Tuleva pension funds: where do we invest and which pension fund is the best choice for you?

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About a year ago, 22 people gave each other a promise to help make pension contributions more favourable to Estonian people. These people paid the membership fee and became the founding members of the commercial association Tuleva.

The founding members on their own could not have possibly built up the kind of pension funds we wanted. Funds that would be managed by a management company owned by the pension savers themselves. Funds that would serve the interests of the people, rather than the interests of banks. Such funds were made possible by the 3,000+ people, who became members of Tuleva, when better pension funds were still just a dream.

Today, the dream became a reality. Tuleva’s second-pillar pension funds were put into operation in March. Estonia’s first and only low-cost pension funds created on the people’s own initiative.

The second-pillar pension fund is mandatory for all those working in Estonia (1). Take a moment to check where your second-pillar contributions are currently transferred. Compare the management fee for your old fund with those of Tuleva funds and choose the fund that suits you best.


I would tell you:

Tuleva’s pension funds are the most favourable in Estonia: the total expense ratio is a maximum of 0.5%, comprising a management fee of 0.34%. This ratio is three times lower than the average for the pension funds of banks.

Tuleva’s pension funds are subject to the supervision of the Financial Supervision Authority, with the rights and guarantees of Tuleva’s customers being equivalent to those of the pension fund customers of banks.

Tuleva’s World Stocks Pension Fund has been designed for a majority of pension savers. Transfer your second pillar to Tuleva’s World Stocks Pension Fund, if you wish to generate the best yield over the long-term horizon and are able to endure short-term market fluctuations.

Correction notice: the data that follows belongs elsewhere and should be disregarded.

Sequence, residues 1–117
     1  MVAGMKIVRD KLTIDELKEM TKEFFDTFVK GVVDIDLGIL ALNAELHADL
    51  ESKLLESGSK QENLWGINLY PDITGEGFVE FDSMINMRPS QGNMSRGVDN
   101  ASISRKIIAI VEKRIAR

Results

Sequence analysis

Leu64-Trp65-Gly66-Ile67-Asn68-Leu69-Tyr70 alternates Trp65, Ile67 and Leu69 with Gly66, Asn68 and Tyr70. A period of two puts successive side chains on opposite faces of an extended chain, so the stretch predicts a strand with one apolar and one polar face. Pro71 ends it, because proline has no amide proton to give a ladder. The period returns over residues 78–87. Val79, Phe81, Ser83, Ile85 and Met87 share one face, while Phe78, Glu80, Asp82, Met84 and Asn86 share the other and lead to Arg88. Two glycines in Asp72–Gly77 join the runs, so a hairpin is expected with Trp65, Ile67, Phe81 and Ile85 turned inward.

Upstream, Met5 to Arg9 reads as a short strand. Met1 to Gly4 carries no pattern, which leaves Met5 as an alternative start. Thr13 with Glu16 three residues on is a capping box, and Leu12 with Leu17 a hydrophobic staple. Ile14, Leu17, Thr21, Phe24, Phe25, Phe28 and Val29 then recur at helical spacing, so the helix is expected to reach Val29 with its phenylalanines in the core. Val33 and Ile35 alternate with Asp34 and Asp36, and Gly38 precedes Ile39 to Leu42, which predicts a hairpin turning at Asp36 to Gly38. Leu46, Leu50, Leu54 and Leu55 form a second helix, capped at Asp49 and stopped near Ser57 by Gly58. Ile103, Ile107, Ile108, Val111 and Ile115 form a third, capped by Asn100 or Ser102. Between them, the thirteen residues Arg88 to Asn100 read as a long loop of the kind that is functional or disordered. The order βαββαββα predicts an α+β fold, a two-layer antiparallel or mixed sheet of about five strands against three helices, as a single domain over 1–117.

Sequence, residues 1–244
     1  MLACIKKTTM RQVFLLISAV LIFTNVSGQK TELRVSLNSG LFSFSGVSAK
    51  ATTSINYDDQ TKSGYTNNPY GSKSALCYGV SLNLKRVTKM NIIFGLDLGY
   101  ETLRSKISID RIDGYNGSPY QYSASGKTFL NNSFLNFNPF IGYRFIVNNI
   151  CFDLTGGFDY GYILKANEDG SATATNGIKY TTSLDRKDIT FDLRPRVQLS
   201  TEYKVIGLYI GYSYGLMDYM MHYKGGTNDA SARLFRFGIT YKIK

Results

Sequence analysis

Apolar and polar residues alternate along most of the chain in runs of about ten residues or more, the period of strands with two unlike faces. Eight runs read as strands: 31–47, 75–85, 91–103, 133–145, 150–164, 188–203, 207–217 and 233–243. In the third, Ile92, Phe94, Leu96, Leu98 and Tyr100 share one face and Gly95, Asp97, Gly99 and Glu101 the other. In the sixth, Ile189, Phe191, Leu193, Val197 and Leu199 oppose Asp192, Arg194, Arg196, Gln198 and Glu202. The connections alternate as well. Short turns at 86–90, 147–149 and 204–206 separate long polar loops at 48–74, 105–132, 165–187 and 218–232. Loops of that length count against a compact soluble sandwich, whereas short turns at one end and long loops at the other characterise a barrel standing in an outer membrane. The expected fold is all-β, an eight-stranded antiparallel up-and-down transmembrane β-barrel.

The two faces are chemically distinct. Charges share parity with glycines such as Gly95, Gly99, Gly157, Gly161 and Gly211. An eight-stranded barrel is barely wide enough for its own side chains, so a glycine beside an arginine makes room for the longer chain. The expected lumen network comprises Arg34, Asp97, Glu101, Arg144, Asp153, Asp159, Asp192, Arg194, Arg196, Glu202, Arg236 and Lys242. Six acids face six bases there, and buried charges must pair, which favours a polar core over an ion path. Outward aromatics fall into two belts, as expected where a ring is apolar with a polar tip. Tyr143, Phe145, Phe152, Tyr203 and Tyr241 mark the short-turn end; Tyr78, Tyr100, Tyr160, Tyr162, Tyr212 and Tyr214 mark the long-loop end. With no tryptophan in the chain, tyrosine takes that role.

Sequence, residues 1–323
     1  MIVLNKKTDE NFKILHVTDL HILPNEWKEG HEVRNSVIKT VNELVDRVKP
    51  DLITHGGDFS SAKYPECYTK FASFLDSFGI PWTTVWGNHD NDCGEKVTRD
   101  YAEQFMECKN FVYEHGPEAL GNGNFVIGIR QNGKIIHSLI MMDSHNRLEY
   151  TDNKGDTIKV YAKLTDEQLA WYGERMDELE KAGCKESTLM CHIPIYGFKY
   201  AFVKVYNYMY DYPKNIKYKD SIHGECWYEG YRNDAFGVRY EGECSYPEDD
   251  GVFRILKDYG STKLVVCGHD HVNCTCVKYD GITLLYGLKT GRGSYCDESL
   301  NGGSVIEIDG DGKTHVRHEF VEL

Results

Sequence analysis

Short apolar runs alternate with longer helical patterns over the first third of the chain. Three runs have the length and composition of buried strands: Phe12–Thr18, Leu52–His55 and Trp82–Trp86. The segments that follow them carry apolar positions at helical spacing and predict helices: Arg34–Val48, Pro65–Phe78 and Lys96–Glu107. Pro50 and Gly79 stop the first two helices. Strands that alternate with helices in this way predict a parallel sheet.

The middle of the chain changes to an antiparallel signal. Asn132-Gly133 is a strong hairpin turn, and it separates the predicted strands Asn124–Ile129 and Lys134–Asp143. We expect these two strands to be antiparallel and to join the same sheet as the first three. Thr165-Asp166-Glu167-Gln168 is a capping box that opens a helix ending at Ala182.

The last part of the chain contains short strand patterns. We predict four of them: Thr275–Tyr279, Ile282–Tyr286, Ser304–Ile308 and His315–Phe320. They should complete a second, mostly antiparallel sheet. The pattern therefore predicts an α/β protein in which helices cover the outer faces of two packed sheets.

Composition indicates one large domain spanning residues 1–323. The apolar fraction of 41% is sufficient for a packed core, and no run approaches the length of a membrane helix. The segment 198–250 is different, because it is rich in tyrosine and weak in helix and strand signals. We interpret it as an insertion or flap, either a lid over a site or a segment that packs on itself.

Tuleva’s World Bonds Pension Fund is a highly conservative fund and is well suited to those who only have a few years to pension age or who are unable to endure short-term fluctuations and are willing to sacrifice a higher yield in order to avoid a potential loss.

Tuleva’s funds have a low cost base and invest, on a well-regulated basis, in the stocks of the world’s leading companies and sovereign bonds. We are not trying to outsmart the market. We are simply dispersing the risks over time and space. When the markets rise, the value of your investment portfolio will grow. At the same time, the new fund units received against the monthly contribution will cost more. In turn, when the markets fall, new units will be available at a lower price.

This is referred to as a passive investment strategy. The world’s economists deem this to be the most reasonable solution for any pension saver. Why? Eight or nine times out of ten, a passive investment strategy has given investors a better long-term yield than active fund management (2).

You will gain the most at Tuleva if you transfer all units of your pension fund(s) and also redirect your future contributions. No-one can predict which fund will provide the best yield over your lifetime. Nonetheless, you can be sure that you will save on commission fees to the maximum possible extent. In turn, these savings will generate a return in the long term. I have already transferred all of my pension assets to Tuleva’s World Equities Pension Fund. As far as I know, the Tuleva team and its founding members are doing the same.

Transferring your pension to Tuleva will only take a few minutes – kindly read the instructions:


Tuleva’s World Stocks Pension Fund

73% of the fund assets are invested in stocks and 27% in securities. Why not 75% in stocks? By law, 75% is the hard limit, which must never be exceeded. Stock prices fluctuate, and 2% is the buffer required for never exceeding the limit established by law. As soon as the proportion of stocks exceeds 74%, the fund manager will sell units of the equities fund to bring the proportion back to 73%.   

Two-thirds of the fund assets are divided between three funds governed by the developed-world stock market index. Why three essentially similar funds? The law allows pension funds to invest a maximum of 30% of the fund assets in a single index fund.

Therefore, we invest:

8% iShares Developed World ex-Tobacco Index Fund

28% iShares Developed World Index Fund

28% iShares World Equity Index Fund

You can click on the links to read more on these funds and to check their performance.